John S. and James L. Knight believed that a well-informed citizenry was essential to the proper functioning of a democratic republic, and that an engaged community could best determine its own true interests. When the brothers formed Knight Foundation, they didn’t narrowly prescribe how the foundation should operate. They merely stated they cared about excellence in journalism and the good of the communities where they had been so successful.
The Knights believed and acted in accord with the core beliefs of the foundation:
- We believe in freedom of expression and in the values expressed in the First Amendment to the Constitution of the United States.
- We believe an informed citizenry is essential for a representative democracy to function.
- We believe in engaged, equitable, and inclusive communities.
The brothers also believed their foundation should be flexible to remain impactful as times change. That’s why we at Knight Foundation periodically reflect on our mission and reconsider our strategy.
We last did so in 2016 and published our Statement of Strategy. We’ve now taken a fresh look and are pleased to publish this 2020 update.
Our social investment principles, which we derive from the Knight brothers, endure. But we’ve added a new investment principle about partners, because we believe none of our goals can be accomplished by a single organization. And we stress the intelligent application of evolving technology because that, too, was a hallmark of the Knight enterprises.
Our programmatic focuses are broadly the same:
- We believe in journalism’s fundamental role in our democratic republic. The challenges of protecting the First Amendment and promoting journalistic excellence have intensified. Surveys show abysmally low trust in journalism, and accurate news and information compete with half-truths and fabrications flowing through technology platforms and entertainment served up as news in the form of national shouting matches on cable television. We will bring people together at the local level to debate and propose solutions to this challenge to our democracy. Our focus is on local because that’s where news consumers can more easily verify — and, therefore, trust.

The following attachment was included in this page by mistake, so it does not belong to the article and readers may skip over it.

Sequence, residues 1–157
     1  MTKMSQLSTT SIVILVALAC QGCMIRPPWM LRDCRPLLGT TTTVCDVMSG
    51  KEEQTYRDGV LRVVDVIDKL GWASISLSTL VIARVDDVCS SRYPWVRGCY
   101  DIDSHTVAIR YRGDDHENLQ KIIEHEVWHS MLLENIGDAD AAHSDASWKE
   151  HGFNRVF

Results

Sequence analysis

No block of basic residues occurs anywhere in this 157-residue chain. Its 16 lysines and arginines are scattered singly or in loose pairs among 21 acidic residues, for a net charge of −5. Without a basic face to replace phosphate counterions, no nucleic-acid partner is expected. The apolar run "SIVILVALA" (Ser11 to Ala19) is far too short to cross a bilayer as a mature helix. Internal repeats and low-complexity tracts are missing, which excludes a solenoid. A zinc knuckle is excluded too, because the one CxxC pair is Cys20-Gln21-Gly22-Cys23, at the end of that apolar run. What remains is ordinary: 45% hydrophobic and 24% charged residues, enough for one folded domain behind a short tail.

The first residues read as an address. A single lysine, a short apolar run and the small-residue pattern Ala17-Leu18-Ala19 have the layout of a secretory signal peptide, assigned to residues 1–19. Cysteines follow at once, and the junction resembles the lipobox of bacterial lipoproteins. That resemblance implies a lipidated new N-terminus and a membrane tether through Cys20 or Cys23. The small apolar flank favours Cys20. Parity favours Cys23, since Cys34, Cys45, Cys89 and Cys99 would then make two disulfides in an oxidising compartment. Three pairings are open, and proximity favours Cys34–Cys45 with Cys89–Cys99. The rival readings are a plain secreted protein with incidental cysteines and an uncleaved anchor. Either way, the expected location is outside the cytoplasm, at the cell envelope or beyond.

- We believe in civic engagement. We support initiatives and ideas that nurture talented people and enhance opportunity in the 26 communities where the Knight brothers published newspapers. Those communities, which remain areas of focus, represent many facets of America. We embrace that diversity.
- We believe in the capacity of art and culture to connect people to place and to each other. We open doors for individual artists and encourage institutions to engage the public in ways that are authentic to each of our cities. And we understand that technology will affect the arts every bit as much as other parts of our lives.
But we’ve made targeted refinements to our programmatic strategy:
- We’ve removed a Technology Innovation department, independent of our other programs, because we’ve recognized the need to integrate technological innovation into everything we do.
- In our Journalism program, we have prioritized our emphasis on a sustainable future for local news and information.
- In Communities and National Initiatives, we are more specific about the areas where we fund to deepen engagement. These reflect areas, such as Public Spaces and Smart Cities, where Knight has already been investing and leading.
- In Arts, we fund projects that help build a sense of community. Because bad art fails to move anyone, we fund high-quality art and cultural activity authentic to each community.
- In Learning and Impact, we added support for independent research examining technology’s impact on democracy.
We live in changing times. Helping create stability in news organizations and supporting civic and cultural institutions may seem a fool’s errand to some. But we believe in the permanency of the Knight brothers’ principles and are determined to make a better society.
If you’re willing to help be part of the solution, I’m eager to hear from you at [email protected]
Alberto Ibargüen is president of the John S. and James L. Knight Foundation